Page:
HMRC retrospective loan charge causing problems for contractors

HMRC retrospective loan charge causing problems for contractors

ContractorUK’s report has revealed some interesting insights

In a report recently released by ContractorUK, it was revealed that 69% of UK contractors have admitted that HMRC’s retrospective loan charge is having a detrimental effect on their mental health.

“The loan charge relates to disguised remuneration schemes, whereby workers were paid via loans rather than salary, and, as a result, did not pay income tax on their earnings,” ContractorUK explained.

“This recent HMRC legislation now means that people paid in this way are being asked to either “retrospectively pay the loans or pay tax on it.”

Hitting those contractors that took loans out in good faith is deeply unfair and is affecting their mental health, which is simply unacceptable.”

From Friday 5 April, the 50,000 contractors who previously avoided NI and income tax using schemes that paid them largely in loans will now face charges.

ContractorUK said: “While contractors are expected to pay the full amount, the companies that advertised these loans will receive no penalty. Over half (56%) feel that these companies should, at least in part, pay the charges contractors have been faced with.”

Some of the results from the survey are as follows:

  • Respondents suffered from stress surrounding retrospective loan charges: 38%
  • Respondents concerned about the excessive amount HMRC expected them to pay: 24%
  • Respondents they did not know how much they would be expected to pay due to a lack of communication from HMRC: 23%
  • Respondents concerned they would not be able to pay the full amount asked of them: 20%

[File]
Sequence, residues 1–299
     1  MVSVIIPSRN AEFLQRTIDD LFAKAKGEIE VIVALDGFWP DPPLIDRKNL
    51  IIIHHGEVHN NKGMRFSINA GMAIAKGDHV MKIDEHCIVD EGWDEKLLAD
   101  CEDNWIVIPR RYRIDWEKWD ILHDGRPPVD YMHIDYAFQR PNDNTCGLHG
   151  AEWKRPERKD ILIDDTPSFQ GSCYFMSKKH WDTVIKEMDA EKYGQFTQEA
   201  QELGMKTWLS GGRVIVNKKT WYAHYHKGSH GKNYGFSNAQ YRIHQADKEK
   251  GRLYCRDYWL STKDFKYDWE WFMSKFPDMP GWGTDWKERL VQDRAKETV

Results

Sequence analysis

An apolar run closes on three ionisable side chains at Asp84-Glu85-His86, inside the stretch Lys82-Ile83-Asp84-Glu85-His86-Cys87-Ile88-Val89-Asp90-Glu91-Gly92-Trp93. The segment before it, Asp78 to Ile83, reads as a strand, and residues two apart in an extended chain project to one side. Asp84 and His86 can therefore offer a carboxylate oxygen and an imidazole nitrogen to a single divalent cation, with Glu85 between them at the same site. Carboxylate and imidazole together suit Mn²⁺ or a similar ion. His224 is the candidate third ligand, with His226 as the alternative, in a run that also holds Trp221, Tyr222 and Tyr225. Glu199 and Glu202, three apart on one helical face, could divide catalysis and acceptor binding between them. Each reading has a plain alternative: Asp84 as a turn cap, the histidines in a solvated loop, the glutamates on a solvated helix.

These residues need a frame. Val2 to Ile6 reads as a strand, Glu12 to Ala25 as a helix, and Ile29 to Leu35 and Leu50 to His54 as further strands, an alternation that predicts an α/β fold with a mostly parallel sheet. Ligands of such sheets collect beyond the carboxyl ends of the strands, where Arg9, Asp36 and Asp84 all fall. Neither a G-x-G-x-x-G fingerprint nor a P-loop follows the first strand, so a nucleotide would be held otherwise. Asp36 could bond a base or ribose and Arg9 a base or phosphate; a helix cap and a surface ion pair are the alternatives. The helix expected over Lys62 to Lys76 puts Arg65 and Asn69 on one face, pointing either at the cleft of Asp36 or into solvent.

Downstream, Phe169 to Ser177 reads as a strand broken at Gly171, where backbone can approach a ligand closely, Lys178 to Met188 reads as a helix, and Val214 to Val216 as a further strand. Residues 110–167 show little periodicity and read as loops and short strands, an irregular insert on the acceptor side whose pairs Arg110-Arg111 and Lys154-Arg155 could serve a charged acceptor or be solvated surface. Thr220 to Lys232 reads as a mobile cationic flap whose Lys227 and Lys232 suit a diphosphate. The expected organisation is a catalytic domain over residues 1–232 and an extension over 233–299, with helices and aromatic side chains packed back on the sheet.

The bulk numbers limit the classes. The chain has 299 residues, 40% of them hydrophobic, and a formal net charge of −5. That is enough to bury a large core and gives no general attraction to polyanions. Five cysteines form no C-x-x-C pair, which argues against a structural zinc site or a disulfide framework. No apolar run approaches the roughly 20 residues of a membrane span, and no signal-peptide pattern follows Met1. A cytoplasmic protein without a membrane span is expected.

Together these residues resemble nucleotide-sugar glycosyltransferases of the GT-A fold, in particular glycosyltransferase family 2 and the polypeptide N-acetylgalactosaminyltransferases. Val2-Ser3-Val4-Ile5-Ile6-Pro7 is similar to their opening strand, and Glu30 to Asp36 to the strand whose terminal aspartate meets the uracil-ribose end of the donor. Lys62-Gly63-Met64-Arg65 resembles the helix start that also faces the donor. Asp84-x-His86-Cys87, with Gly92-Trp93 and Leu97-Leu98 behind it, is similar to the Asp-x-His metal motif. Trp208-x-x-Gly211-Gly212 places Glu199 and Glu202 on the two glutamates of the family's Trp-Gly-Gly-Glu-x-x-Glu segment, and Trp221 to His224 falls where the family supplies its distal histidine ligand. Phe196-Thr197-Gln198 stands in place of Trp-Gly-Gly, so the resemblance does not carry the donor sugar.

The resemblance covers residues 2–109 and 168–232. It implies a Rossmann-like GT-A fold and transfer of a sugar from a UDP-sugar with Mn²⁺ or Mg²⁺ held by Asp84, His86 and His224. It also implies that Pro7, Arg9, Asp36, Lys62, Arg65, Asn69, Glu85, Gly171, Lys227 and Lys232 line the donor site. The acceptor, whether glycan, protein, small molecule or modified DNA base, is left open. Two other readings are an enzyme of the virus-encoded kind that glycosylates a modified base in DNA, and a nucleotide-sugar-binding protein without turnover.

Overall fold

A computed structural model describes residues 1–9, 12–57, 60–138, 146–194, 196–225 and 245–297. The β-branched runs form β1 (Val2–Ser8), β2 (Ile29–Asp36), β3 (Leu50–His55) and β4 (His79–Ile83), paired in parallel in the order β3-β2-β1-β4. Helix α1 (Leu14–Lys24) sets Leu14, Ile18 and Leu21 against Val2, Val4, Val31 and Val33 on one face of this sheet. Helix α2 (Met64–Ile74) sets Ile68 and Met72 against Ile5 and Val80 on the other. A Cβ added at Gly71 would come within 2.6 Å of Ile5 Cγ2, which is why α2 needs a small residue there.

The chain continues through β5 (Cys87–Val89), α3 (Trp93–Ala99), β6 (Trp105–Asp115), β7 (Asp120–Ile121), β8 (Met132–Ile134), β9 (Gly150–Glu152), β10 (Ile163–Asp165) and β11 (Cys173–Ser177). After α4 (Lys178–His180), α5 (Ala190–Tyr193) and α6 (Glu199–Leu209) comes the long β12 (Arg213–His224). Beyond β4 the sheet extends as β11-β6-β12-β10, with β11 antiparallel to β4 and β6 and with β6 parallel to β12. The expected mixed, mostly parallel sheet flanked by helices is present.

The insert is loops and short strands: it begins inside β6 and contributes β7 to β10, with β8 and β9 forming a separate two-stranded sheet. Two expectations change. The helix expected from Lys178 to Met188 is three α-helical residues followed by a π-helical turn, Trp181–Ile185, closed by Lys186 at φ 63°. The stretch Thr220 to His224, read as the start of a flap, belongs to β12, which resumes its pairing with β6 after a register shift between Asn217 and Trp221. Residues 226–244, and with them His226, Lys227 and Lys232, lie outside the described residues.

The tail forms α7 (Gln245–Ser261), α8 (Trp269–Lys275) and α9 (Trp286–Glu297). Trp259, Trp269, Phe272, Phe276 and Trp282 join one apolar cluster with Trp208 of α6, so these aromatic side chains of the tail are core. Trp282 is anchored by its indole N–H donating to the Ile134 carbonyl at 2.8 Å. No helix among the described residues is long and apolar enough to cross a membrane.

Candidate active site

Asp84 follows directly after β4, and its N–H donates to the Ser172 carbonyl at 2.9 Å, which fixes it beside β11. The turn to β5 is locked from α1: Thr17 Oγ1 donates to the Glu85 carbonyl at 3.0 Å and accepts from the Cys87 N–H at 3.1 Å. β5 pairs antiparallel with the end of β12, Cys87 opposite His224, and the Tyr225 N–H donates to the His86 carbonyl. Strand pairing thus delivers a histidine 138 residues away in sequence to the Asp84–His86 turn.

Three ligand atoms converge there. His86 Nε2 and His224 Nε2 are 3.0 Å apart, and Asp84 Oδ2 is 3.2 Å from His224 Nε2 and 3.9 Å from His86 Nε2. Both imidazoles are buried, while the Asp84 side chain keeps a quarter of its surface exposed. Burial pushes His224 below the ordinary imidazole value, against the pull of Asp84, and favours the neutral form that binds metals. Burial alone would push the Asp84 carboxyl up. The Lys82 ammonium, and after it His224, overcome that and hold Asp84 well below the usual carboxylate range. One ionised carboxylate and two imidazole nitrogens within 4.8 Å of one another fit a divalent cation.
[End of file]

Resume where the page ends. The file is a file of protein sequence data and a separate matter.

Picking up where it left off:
• Respondents fear they will have homes repossessed, should the loan charge be enforced: 21%

“Contractors are vital to the success of the UK workforce,” said Anthony Sherick, managing director at ContractorUK.

“The current plan will potentially put people out of their homes and, worse than that, the loan charge has been allegedly linked to a number of reported suicides.”

“They fill knowledge gaps in companies and for projects, not just in the UK, but also abroad. Hitting those contractors that took loans out in good faith is deeply unfair and is affecting their mental health, which is simply unacceptable.”

He continued: “HMRC needs to firstly clarify their position on the loan charge, and, secondly, seriously reconsider their course of action.”

“The current plan will potentially put people out of their homes and, worse than that, the loan charge has been allegedly linked to a number of reported suicides,” Sherick concluded. While the suggestion of an increase in the number of suicides is purely alleged, it is undeniable that pressure from HMRC is causing significant strain for a sector already struggling in this current climate.

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